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Samba Mobile

Samba Mobile was first founded in 2009 and has since secured about £1 million in angel funding. It’s a free ad-supported mobile broadband service. What this means is that users watch adverts to earn a free a mobile data allowance on their phone or tablet. The network first launched in July 2012 and as of the beginning of 2013 it had over 10,000 users and had logged over 3 million advert views.

Although there have previously been attempted to run ad-supported mobile and internet services in the UK, Samba claims to be the country’s first free mobile broadband provider. It has already signed up many brands as advertising partners such as Waitrose, Gilette, Xbox, Intel and Canon. Samba Mobile runs on the 3 mobile network

Samba Mobile review

Samba Mobile is an attractive option for those on a budget. As far as pricing goes, you can’t do much better than free 🙂

Having said that, it’s not quite so simple. After all, you do have to do something to earn your free download credits and if you go overdrawn, Samba cut off your internet access.

Samba have a variety of adverts available to watch which are usually between about 30 seconds and a minute and a half long each. You get credit for each ad you watch of about 3.5 MB. Unfortunately, this isn’t much and that 3.5 MB can be used up even quicker that it took to earn. Don’t assume you’ll be streaming videos or doing heavy web browsing with your free credit – it might not last as long as you hope.

However, Samba do claim that it’s usable. They estimate you’ll get about 500 MB of data a month just by watching less than 3 minutes of adverts a day. That’s a normal-length TV commercial break qualifying you for enough internet bandwidth to satisfy the average user.

Our experience wasn’t quite so simple though. It has to be said that an issue that they’ve had since the start is getting enough advertisers on board. As there’s a limit to the number of times you can watch each advert and there’s only so many available to you, it seems that quite often you’ll run out of adverts to watch.

In practice, this puts a limit of the data allowance you’re able to earn. When this occurs there’s nothing to do but wait a day or two for more adverts to become available. Issues like this make Samba impractical for heavy internet users and that’s not mentioning the amount of time it takes to watch the adverts. With many mobile networks now offering mobile data on PAYG at a reasonable rate, it’s for you to decide whether you really need free or whether it’s worth forking out a few quid a month for a greater amount of bandwidth and avoiding the hassle of having to deal with the adverts.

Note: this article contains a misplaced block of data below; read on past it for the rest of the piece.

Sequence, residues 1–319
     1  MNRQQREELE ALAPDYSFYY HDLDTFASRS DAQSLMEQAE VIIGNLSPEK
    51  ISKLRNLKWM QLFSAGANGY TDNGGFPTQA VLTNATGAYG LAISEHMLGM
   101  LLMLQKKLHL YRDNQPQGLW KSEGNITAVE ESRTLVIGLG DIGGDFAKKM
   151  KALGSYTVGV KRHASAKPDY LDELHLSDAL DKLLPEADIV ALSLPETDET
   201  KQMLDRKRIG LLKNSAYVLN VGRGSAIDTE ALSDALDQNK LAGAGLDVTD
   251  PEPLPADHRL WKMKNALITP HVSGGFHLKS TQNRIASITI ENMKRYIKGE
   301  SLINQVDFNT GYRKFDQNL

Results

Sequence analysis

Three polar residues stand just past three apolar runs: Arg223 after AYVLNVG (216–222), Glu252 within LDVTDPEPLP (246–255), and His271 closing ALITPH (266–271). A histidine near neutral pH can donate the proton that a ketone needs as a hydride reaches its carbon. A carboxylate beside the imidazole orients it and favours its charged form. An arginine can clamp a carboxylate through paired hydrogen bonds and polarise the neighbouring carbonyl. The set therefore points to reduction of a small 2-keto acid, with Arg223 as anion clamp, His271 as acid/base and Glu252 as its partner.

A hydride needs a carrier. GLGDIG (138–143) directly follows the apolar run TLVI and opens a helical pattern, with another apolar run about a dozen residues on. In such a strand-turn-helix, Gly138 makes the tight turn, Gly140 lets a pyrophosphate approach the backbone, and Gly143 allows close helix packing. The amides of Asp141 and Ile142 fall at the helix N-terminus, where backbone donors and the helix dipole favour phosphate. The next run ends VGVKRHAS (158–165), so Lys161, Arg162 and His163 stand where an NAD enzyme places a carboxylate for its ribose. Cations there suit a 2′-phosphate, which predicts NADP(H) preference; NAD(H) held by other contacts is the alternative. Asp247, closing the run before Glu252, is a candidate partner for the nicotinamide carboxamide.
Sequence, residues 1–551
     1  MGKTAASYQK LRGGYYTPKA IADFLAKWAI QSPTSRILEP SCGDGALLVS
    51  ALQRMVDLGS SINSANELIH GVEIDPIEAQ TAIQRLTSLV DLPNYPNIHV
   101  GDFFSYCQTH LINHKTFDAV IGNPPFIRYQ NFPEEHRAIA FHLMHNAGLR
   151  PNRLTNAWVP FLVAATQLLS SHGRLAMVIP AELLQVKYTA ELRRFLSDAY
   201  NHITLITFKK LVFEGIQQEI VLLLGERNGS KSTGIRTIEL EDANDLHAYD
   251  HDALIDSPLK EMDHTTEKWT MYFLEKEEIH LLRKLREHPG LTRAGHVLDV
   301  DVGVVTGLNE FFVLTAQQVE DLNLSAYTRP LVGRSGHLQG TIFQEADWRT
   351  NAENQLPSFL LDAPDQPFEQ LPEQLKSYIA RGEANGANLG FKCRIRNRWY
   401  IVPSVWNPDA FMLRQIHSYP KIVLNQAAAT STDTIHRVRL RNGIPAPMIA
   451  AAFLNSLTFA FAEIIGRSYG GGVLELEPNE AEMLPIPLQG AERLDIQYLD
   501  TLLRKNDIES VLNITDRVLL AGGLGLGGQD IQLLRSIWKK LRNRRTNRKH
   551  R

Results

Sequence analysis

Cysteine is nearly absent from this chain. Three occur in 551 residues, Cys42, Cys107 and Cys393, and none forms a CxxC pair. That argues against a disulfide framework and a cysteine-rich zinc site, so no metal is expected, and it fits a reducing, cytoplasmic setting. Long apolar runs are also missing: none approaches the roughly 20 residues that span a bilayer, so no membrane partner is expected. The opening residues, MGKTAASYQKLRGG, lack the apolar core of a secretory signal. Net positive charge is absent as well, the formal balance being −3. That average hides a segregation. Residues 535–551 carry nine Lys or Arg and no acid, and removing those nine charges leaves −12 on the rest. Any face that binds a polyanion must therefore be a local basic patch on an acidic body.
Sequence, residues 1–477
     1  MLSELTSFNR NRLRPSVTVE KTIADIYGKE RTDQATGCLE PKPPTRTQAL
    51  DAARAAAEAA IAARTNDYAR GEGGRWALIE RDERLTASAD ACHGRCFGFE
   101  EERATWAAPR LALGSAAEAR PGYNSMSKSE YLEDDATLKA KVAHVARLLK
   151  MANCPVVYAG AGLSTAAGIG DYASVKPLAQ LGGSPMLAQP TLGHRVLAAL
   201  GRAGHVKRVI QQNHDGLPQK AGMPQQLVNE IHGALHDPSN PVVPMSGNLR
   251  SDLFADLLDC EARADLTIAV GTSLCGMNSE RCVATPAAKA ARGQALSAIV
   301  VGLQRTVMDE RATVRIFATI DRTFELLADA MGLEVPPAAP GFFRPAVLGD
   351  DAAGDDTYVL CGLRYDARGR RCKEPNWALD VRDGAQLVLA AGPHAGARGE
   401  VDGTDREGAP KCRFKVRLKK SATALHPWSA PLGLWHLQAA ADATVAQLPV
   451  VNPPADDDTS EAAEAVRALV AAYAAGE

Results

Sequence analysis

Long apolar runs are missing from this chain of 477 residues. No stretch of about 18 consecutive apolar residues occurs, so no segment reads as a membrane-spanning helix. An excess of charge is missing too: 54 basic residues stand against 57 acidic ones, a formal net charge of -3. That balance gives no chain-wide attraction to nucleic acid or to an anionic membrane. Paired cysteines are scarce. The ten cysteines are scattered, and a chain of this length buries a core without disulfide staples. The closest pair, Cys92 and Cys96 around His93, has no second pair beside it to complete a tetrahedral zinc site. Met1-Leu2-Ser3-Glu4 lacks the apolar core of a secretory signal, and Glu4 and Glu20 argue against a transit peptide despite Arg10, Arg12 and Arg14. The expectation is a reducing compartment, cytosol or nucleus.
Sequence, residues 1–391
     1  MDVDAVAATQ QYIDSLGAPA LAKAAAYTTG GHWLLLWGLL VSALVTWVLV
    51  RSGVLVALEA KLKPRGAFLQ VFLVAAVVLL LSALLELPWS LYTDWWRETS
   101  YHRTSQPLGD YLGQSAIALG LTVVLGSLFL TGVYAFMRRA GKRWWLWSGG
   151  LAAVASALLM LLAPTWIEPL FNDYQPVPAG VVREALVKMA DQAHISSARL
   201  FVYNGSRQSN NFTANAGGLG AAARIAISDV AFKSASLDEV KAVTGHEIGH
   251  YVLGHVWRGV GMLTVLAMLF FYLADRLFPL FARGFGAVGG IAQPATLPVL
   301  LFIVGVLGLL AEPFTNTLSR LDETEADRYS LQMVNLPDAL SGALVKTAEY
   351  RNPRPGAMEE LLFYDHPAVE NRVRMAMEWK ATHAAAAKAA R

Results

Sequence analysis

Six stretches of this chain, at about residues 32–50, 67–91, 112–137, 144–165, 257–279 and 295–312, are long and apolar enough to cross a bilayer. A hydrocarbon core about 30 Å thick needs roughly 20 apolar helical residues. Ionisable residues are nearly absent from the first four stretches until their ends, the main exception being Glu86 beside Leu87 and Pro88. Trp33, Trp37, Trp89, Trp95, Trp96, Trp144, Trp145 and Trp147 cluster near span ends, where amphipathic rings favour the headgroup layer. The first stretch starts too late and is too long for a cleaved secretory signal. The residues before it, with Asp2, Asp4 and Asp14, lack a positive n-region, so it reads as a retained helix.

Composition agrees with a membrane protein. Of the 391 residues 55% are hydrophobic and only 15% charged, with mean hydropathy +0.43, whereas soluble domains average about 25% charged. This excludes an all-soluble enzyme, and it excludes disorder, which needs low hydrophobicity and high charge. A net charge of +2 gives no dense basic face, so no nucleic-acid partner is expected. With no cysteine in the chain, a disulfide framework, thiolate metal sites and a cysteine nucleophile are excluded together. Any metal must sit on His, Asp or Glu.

Samba must be commended for bringing a service like this to the UK. We’re also very glad that they decided to go with 3 which offers a very strong 3G service and in fact has been hailed by Ofcom as the country’s best mobile network for data. We had no issue earning credit and tested Samba’s adverts on a variety of browsers including Firefox, Chrome and Safari. We also found it easy to use on a smartphone as well as in tablets and laptops using a dongle. One snag is that Samba currently does not support roaming (presumably because of the very high costs).

We can’t see it lasting, however. There’s a good reason why previous attempts to offer a service similar this have all failed. Even if savvy users don’t find a loophole to avoid actually watching the ads, any on-the-ball advertising agency will soon noticed very poor conversion rates from Samba users and pull their content or refuse to pay enough to balance the books. Even if Samba hope to gain additional income from selling user information (they admit that they track browsing habits), it’s hard to see this being economically viable for the long term.

Having said that, we may well be proved wrong and there’s no reason not to give it a go while you can. If you don’t want to fork out for an expensive mobile broadband contract, it’s certainly one of the easiest and cheapest ways to get online when out and about. The main warning we would give is that it’s mainly appropriate for low-volume internet users. It works much better if you just want to browse some sites and RSS feeds and check your email and Facebook rather than download games and videos or listen to music. However, after all, you can’t complain that much about a free service.

PAYG Pricing


While Samba is a free ad-supported service, it’s not completely free. You have to pay a nominal free to order your SIM in the first place. At the moment, the price is £4.99 + £2.50 P&P. This is relatively cheap since you get a decent amount of mobile data free once you start watching the adverts but we’d prefer it if they used this cash to give you some included starter credit to begin with. It would also be good if they didn’t overcharge so much on postage.

In addition to earning data allowance by watching the adverts, it’s also possible to buy data bundles that last for 30 day each. There are two options available – 250 MB for £3.50 or 500 MB for £5.00. Compared to the mainstream networks this is a very favourable price point and it’s about as good as you can expect for :pay: mobile data.

Another thing is that Samba run a referral scheme. This allows you to earn credit or internet allowance when your friends and family join. For each new user you recommend you can chose between £2.50 credit or 250 MB of mobile broadband usage. This is a nice bonus to have.



2G coverage: 99%3G coverage: 93%

Coverage map

Samba Mobile runs on 3 and has very strong and broad coverage throughout the UK. Our tests also show that the download speeds are usually excellent. Please see the our Samba Mobile coverage page to learn the network coverage in your area. For more information, compare it with other mobile phone networks’ coverage.